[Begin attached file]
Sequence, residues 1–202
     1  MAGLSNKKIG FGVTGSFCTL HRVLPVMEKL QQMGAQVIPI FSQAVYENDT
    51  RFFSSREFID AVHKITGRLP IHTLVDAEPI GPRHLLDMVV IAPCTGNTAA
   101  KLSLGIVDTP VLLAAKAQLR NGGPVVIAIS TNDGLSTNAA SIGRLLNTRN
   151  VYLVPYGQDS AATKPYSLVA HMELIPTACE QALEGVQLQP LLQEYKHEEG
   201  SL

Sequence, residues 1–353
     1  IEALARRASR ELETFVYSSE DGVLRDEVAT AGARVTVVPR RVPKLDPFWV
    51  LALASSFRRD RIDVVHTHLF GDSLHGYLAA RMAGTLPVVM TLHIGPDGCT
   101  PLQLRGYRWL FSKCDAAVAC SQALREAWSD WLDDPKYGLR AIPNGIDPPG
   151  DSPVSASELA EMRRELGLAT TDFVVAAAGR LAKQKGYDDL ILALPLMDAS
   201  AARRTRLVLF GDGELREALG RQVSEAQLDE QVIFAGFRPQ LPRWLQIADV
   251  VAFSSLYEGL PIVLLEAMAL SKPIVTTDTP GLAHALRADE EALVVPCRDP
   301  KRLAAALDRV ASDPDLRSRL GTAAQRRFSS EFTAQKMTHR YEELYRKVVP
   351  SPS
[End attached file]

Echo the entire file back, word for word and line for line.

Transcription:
Sequence, residues 1–202
     1  MAGLSNKKIG FGVTGSFCTL HRVLPVMEKL QQMGAQVIPI FSQAVYENDT
    51  RFFSSREFID AVHKITGRLP IHTLVDAEPI GPRHLLDMVV IAPCTGNTAA
   101  KLSLGIVDTP VLLAAKAQLR NGGPVVIAIS TNDGLSTNAA SIGRLLNTRN
   151  VYLVPYGQDS AATKPYSLVA HMELIPTACE QALEGVQLQP LLQEYKHEEG
   201  SL

Sequence, residues 1–353
     1  IEALARRASR ELETFVYSSE DGVLRDEVAT AGARVTVVPR RVPKLDPFWV
    51  LALASSFRRD RIDVVHTHLF GDSLHGYLAA RMAGTLPVVM TLHIGPDGCT
   101  PLQLRGYRWL FSKCDAAVAC SQALREAWSD WLDDPKYGLR AIPNGIDPPG
   151  DSPVSASELA EMRRELGLAT TDFVVAAAGR LAKQKGYDDL ILALPLMDAS
   201  AARRTRLVLF GDGELREALG RQVSEAQLDE QVIFAGFRPQ LPRWLQIADV
   251  VAFSSLYEGL PIVLLEAMAL SKPIVTTDTP GLAHALRADE EALVVPCRDP
   301  KRLAAALDRV ASDPDLRSRL GTAAQRRFSS EFTAQKMTHR YEELYRKVVP
   351  SPS